Eagle's Wing (1979)
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Director Harvey uses the title horse as a focus for interconnecting stories, all dealing with the traditional Western clash of the primitive and civilisation. The former seems to have the upper hand. The vast scrub and desert of the film's landscape is unbroken, ripe for allegories of the mind. The only brief sites of civilisation are a stagecoach of missionaries and landowners, and their hacienda, from both of which derive behaviour that is anything but civilised.
The basic story intercuts three stories. In one, an aimless deserter, Pike, having lost his trading partner, steals a miraculous horse, Eagle's Wing, so-called because of its grace and speed. In the second, an Indian, White Bull, owner of this horse, waylays a stagecoach, and kidnaps one of its female occupants. In the third, the Spanish men sent to find her ignore this quest in favour of a murderous, plundering spree.
Although a revisionist Western, the treatment of the Indian is problematic. Unlike Pike, his character is never explained, forever inscrutable, denied a voice, except for an excruciating snatch of song. When he's not a strange Other, he's a symbol, whose role isn't entirely worked out - at one point a savage brute, at another he epitomises nature and freedom.
But Pike notes at the beginning that the film will attend to the period of primitivism before civilisation. In many ways the film resembles 2001 - A SPACE ODYSSEY, especially its opening sequence. Part of the film's power lies in the connections made between the three disparate characters, forcing us to view the mythic struggles and quests in a different light. Indian culture and Catholicism is linked by superstition, ritual, greed and murder. Both Pike and White Bull are musical and alcoholic. White Bull is demonised by both Pike and the abductee as a 'bastard', unwittingly revealing the tactic of illegitimacy used by colonising whites who infantilised the natives, becoming themselves 'necessary' fathers.
Unlike a traditional Western, concerned with making history, civilisation, and progress, this film is a double detective story, interrogating the past, tracks, remains.
What gives this film its remarkable uniqueness, I think, is, despite Maltin's racism, its Britishness. The climactic stand-off is more like an Arthurian joust. The film itself bravely eschews dialogue for the most part, creating the kind of visual and aural tapestry Malick missed in THE THIN RED LINE, and something few Hollywood directors would have dared. The existential doubling and quest motifs are more European myth than American (resembling another British Harvey Keitel movie, THE DUELLISTS).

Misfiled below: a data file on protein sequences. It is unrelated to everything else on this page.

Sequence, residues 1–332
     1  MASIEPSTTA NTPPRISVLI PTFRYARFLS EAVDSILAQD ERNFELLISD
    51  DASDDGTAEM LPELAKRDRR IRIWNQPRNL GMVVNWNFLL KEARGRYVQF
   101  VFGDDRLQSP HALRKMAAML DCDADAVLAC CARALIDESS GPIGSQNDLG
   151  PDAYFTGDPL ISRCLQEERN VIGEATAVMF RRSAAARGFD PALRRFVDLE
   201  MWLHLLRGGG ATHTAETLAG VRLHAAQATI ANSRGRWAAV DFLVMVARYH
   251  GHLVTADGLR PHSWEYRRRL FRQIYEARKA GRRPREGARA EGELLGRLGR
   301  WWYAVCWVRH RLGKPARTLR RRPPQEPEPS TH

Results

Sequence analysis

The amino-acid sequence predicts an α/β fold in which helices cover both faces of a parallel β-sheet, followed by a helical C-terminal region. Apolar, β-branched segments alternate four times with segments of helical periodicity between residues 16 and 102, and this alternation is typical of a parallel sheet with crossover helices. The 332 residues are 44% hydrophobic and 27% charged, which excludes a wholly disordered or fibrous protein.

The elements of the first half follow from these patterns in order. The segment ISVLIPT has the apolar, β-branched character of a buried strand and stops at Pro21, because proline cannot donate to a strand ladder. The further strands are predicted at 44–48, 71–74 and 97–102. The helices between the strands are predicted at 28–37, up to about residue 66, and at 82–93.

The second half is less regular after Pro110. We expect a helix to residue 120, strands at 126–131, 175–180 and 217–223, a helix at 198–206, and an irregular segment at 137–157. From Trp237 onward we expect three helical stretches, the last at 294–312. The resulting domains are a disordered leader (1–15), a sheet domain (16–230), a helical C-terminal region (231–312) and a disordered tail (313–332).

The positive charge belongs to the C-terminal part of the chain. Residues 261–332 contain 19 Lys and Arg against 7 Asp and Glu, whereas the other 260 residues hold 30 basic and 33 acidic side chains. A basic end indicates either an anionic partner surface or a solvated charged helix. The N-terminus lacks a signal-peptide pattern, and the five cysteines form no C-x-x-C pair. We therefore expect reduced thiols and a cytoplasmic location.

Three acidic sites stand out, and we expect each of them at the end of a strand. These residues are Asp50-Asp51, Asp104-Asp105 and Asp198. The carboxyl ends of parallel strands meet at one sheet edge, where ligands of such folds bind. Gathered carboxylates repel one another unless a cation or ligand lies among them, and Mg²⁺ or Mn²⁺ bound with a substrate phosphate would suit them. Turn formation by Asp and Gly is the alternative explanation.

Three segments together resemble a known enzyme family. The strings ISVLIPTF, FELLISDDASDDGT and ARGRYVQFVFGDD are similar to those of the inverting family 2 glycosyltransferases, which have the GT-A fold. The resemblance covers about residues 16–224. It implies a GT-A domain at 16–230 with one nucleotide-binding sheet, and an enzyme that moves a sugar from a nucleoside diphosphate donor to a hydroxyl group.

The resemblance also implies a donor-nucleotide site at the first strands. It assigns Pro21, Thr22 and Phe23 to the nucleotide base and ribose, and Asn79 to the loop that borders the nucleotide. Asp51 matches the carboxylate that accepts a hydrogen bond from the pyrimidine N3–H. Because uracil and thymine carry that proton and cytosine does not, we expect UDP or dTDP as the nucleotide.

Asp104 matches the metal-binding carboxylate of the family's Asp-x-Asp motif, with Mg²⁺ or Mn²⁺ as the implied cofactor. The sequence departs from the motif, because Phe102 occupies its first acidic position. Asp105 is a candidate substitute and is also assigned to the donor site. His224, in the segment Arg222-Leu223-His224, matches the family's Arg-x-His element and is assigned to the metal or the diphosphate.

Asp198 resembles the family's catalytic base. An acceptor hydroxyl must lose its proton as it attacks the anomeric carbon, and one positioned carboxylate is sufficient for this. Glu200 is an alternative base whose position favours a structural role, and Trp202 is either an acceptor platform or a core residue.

Most astonishing is the use of nature. Most Westerns use landscape as an awe-inspiring backdrop: there is little sense of actually living in the West. In many ways, EAGLE'S WING is like a Powell and Pressberger film, with nature a powerful, pantheistic character in its own right - alive, dangerous, hostile, beautiful. There is a sublime scene reminiscent of A CANTERBURY TALE, when jewellery left as a trap by White Bull in the trees is suddenly blown in the wind: there is a haunting, tingling, magical, thrilling effect more reminiscent of the Arabian Nights than a horse opera. Heartstopping.
Solid western with great loads of action and violence . From the initiation when horse robbing until the final , the fast-movement and action-packed western is continued . The pic is a crossover of various films , the white woman kidnapped by Indians just like ¨The searches¨ (by John Ford) , the battle against nature from ¨ Man in wilderness land ¨ (Richard C Sarafian) and ¨Jeremias Johnson¨ (Sidney Pollack) and obstinacy and stubbornness between two merciless enemies who fight with no rest such as ¨The duelists¨ (Ridley Scott) . The magnificent cast is formed by an excellent Martin Sheen (Apocalypse now) as tough and two-fisted rider obsessed to recover the slim and graceful horse . Sam Waterston (Killing Fields) in a rare role as Comanche is very fine . Supporting cast is featured by European actors, -this is a British production by Rank Organization- such as Stephane Audran (Claude Chabrol's muse) and John Castle (Lion in Winter) as the priest . Besides , Mexican actors (Jorge Luque , Claudio Brook, Enrique Lucero) because being set in Mexican frontier . Splendid cinematography by Billy Williams , it is wonderfully shown on spectacular landscapes . Lively and jolly musical score by by Mark Wilkinson . The motion picture was well directed by Anthony Harvey (Lion in Winter). However , the picture was a flop and barely obtained money and failed at box office .